Authors: Luke Rawlins
The http 2.0 protocol is designed for increased speed and performance. The protocol was published for release in 2015 and is supported by Apache 2.4 using the mod_http2 module.
Note: You will need to have a valid ssl cert for all practical purposes to implement http/2. Many web browsers including Firefox will not use http/2 on a site without an ssl cert. You can obtain a free ssl cert with letsencrpyt, check out https://certbot.eff.org for more info.
This write up is based on Fedora 30 and Apache 2.4, but it should also work on CentOS 8 or RHEL 8.
sudo dnf install php-fpm mod_fcgid fcgi mod_http2
In order to enabled http/2 in Apache you need to make sure that you are not using the
module. The prefork module is non-threaded and cannot handle the multiplexed connection that http/2 requires. For the best results you will want to switch to the
module, we will walk through how to make that change momentarily.
Uncomment the line:
LoadModule mpm_event_module modules/mod_mpm_event.so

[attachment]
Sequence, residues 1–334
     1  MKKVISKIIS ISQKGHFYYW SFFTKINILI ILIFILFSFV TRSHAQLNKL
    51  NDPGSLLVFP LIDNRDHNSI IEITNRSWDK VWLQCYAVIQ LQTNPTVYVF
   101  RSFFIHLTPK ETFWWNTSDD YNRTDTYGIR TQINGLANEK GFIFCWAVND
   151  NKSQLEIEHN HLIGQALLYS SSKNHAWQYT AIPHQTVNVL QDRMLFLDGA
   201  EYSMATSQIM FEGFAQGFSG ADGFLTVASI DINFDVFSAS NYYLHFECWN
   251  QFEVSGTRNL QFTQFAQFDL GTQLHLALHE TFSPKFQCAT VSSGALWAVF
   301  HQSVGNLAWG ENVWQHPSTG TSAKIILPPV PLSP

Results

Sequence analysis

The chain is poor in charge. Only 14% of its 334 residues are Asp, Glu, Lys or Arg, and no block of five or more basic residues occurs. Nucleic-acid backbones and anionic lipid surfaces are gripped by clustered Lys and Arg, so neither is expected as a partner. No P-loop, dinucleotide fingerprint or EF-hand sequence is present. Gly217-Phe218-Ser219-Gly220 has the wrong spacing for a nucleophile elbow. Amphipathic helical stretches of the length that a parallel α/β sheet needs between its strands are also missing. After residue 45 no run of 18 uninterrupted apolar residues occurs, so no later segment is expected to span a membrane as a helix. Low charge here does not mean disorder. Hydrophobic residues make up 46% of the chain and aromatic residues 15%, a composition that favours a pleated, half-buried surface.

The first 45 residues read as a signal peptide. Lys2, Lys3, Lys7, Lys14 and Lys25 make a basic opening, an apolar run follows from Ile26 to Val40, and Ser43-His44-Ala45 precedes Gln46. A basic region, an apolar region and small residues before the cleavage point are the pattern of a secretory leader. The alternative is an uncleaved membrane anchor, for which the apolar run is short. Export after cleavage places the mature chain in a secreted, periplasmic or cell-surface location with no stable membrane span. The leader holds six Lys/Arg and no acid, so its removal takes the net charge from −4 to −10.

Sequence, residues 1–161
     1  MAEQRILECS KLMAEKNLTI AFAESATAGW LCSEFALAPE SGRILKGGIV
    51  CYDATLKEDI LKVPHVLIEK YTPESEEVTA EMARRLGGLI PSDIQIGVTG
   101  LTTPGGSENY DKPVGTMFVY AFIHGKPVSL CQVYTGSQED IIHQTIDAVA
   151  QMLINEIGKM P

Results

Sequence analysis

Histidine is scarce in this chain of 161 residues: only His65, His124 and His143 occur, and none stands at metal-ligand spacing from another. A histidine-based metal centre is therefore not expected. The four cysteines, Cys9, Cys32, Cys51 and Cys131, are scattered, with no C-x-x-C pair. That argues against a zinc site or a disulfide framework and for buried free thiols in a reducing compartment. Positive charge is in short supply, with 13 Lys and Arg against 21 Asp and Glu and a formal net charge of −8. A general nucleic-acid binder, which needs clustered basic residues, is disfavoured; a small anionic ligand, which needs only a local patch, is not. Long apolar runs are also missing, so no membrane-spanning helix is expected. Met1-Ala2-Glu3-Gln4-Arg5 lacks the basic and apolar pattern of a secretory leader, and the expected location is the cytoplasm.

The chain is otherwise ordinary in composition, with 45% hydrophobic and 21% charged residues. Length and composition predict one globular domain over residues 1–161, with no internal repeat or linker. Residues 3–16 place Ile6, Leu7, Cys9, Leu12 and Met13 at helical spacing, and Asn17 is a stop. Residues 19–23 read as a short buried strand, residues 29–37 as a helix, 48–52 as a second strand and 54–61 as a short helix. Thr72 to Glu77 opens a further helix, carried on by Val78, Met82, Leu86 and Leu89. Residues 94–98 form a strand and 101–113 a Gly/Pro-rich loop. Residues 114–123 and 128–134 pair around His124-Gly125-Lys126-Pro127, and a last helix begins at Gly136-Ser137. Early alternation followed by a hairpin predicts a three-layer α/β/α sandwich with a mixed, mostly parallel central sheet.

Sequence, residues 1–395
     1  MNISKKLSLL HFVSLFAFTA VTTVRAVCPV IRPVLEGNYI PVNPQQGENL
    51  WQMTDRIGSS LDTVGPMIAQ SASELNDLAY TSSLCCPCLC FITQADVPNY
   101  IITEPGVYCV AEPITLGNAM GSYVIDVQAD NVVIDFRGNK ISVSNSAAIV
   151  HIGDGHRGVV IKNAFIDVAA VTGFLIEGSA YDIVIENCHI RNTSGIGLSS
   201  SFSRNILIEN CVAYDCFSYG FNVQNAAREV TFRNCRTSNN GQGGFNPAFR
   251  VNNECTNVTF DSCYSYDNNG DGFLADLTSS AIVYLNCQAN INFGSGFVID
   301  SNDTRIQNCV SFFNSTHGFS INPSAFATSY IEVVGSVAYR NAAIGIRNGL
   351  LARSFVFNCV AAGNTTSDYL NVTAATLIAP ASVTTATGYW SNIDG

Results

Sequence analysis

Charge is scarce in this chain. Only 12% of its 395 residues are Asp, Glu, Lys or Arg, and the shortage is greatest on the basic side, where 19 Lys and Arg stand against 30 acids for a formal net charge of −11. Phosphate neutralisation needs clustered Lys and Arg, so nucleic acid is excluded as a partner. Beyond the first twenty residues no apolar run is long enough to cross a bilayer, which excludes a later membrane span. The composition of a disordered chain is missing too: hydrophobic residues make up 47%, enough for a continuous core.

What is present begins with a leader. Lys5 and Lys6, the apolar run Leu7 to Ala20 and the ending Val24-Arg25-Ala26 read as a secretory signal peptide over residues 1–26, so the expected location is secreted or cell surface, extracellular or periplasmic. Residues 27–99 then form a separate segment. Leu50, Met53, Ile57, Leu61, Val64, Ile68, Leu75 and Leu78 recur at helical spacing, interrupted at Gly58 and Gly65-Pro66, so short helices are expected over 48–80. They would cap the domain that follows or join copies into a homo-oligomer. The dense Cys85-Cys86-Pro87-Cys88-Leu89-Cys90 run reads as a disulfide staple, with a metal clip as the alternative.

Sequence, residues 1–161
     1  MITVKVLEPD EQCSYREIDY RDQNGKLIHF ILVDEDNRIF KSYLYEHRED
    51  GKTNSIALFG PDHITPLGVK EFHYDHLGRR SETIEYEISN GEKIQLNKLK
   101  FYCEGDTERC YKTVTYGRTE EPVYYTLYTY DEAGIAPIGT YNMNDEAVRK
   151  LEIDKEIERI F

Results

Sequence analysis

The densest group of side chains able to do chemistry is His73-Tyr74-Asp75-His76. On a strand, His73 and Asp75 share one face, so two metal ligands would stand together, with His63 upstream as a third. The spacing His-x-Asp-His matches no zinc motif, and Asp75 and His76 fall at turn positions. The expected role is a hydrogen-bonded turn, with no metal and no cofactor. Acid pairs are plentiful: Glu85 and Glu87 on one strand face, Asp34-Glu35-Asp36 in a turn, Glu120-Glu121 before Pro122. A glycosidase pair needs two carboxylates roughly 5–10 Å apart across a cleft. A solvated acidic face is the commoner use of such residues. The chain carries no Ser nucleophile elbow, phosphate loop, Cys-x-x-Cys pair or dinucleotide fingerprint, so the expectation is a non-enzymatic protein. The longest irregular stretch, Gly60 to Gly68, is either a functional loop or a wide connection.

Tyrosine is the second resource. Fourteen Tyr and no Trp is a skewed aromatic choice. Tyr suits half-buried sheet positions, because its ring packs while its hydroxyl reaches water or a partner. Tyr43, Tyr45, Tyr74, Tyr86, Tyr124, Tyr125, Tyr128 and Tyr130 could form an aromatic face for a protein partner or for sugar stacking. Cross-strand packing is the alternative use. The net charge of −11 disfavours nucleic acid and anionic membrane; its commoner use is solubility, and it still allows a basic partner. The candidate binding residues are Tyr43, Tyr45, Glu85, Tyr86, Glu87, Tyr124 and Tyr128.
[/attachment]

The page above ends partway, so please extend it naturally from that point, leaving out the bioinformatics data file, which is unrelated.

Make sure to place a # in front of the line:
#LoadModule mpm_prefork_module modules/mod_mpm_prefork.so
You only want to have one mpm module loaded so make sure that
is the only active module. Prefork and worker should be commented out.
: - Look for the
parameter in the
section shown below.
# # Redirect to local php-fpm (no mod_php in default configuration) # <IfModule !mod_php5.c> <IfModule !mod_php7.c> # Enable http authorization headers SetEnvIfNoCase ^Authorization$ "(.+)" HTTP_AUTHORIZATION=$1 <FilesMatch \.(php|phar)$> SetHandler "proxy:unix:/run/php-fpm/www.sock|fcgi://localhost" #SetHandler "proxy:fcgi://127.0.0.1:9000" </FilesMatch> </IfModule> </IfModule>
Ensure that the following parameter is active. Copy and paste it in under “<FilesMatch .(php|phar)$>” if it isn’t present.
in that section is commented out with a
Near the top of your virtual hosts file, under the “ServerName” parameter add the following:
Protocols h2 h2c http/1.1
sudo systemctl enable php-fpm && sudo systemctl start php-fpm
Restart the httpd service:
sudo systemctl restart httpd
Visit your website and click a few links, refresh the page a couple times, and then take a look at your web logs.
sudo grep "HTTP/2.0" /var/log/httpd/site_access.log
If all the above steps were completed successfully you should get some log entries returned that contain “HTTP/2.0”. If so congratulations your site is now supporting http/2!
If you’d like to get in touch, contact with me via email.